Preparing for a 'no-deal' Brexit
Updated on 19 February 2024
The UK is now no longer part of the EU and is now undergoing a transition period until the end of 2020. During this time, negotiations are underway, but it is looking increasingly likely that the UK will crash out of the EU with a 'no-deal Brexit'. The current regulations surrounding trade, transport and business will continue to apply throughout the transition phase.
At the end of June, prime minister Boris Johnson promised to proceed with a no-deal Brexit if ongoing talks with the EU fail to achieve mutually beneficial trade agreements. He had already formally notified the EU that he will not apply for the option of a two-year extension to allow more time for negotiations. Johnson has also made it clear that the UK is preparing to leave under what he terms as an Australia-type deal with the EU, a country which does not have a free trade agreement with the EU.
Brexit and corona
After the impact of the coronavirus pandemic on the UK's economy, which continues to be terribly mismanaged by the UK government; the thought of the no-deal Brexit is very concerning. Amid rising unemployment rates that are predicted to be the worst since the 1980s, many residents of the UK are worried that a no-deal Brexit will lead to food shortages, increases in crime and poverty, and widespread social unrest. The future does not look bright for the UK.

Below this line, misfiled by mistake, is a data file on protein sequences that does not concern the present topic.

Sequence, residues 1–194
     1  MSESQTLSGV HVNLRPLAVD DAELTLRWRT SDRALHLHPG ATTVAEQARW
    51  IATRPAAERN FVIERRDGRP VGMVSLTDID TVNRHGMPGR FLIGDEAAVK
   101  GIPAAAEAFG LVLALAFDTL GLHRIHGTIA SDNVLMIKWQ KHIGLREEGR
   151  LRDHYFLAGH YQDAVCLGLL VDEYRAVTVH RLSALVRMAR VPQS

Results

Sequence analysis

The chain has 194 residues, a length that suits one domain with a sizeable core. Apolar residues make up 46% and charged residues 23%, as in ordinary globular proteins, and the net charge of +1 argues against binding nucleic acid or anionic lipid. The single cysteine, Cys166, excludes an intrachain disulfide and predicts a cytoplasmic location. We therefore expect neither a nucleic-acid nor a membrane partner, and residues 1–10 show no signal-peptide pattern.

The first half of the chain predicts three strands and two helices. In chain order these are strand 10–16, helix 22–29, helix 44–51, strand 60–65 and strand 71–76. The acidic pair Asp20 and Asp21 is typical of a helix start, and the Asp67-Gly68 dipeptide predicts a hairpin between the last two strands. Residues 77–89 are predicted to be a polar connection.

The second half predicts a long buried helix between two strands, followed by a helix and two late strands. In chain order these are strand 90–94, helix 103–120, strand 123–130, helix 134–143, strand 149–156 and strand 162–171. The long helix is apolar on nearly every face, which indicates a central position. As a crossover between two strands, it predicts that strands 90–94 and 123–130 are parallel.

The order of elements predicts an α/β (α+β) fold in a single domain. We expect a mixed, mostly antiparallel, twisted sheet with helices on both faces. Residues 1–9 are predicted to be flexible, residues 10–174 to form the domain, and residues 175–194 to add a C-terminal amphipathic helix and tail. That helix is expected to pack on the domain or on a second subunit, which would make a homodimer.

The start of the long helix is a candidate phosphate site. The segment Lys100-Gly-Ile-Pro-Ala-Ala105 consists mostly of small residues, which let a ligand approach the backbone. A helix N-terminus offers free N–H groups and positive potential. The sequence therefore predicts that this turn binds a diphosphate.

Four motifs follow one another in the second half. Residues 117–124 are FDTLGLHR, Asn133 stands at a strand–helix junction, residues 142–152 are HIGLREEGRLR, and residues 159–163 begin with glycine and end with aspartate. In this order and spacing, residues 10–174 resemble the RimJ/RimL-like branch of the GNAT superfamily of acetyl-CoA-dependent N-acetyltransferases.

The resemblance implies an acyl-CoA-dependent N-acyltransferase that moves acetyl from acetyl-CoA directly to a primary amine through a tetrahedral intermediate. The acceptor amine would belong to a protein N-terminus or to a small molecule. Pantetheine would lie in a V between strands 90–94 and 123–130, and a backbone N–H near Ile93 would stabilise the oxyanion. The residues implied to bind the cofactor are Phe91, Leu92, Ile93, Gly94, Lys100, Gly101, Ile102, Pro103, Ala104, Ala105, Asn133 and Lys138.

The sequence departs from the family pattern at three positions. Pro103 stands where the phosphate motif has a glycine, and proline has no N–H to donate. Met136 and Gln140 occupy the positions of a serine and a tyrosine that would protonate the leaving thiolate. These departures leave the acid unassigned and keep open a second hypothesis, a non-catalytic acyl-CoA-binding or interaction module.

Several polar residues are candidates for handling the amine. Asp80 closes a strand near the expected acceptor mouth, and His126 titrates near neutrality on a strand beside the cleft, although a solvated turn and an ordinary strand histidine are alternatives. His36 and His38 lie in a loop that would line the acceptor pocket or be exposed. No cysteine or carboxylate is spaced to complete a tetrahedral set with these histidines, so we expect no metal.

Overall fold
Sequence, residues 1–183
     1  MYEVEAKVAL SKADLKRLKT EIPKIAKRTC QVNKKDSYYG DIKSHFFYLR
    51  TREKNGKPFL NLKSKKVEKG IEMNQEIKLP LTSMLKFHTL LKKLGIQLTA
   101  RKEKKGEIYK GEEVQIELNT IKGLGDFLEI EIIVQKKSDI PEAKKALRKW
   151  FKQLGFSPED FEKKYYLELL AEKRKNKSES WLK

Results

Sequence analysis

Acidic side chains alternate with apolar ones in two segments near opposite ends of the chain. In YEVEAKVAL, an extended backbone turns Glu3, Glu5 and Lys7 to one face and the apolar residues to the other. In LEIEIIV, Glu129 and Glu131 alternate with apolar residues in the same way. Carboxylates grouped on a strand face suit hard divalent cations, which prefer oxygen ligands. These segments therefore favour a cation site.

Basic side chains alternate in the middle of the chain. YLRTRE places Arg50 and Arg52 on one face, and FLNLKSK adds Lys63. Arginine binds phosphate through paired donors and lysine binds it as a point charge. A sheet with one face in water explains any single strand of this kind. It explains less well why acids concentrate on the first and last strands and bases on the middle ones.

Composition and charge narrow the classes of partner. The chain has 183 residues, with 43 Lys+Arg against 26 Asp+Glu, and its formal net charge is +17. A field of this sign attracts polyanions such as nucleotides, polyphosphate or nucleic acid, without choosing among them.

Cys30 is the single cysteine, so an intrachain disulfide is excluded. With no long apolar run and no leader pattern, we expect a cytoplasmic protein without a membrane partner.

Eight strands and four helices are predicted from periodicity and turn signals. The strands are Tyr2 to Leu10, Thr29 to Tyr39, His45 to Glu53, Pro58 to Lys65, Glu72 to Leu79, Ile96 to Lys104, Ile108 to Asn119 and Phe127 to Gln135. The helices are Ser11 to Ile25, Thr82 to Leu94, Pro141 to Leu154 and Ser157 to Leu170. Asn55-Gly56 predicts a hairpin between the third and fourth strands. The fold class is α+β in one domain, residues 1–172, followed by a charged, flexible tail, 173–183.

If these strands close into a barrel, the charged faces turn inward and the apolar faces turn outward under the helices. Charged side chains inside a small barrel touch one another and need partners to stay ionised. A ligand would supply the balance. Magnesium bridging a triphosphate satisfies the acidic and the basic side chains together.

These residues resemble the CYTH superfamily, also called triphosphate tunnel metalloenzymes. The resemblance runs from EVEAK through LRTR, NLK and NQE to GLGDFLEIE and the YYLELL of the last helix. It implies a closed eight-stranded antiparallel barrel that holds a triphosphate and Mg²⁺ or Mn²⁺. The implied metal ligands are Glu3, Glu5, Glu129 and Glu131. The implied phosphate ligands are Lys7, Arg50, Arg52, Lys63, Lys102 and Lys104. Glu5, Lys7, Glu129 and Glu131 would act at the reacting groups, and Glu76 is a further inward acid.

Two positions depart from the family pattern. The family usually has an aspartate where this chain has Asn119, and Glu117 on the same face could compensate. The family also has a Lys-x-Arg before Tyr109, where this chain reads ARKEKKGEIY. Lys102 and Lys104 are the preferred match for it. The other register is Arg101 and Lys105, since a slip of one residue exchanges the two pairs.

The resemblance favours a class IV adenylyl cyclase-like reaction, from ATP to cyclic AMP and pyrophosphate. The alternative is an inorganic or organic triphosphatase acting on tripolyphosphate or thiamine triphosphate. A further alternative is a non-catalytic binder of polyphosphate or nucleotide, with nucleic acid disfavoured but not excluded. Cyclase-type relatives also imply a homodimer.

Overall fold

Current negotiations are having to take place via videoconferencing because of the pandemic, which is not conducive to the side-line chats that can help to resolve differences during trade talks. Unless something happens to shift the static dynamic, it looks like no-deal will be very likely at the end of the year, which, many economic experts agree, would be a terrible outcome for businesses, employment and public confidence in this most unusual of years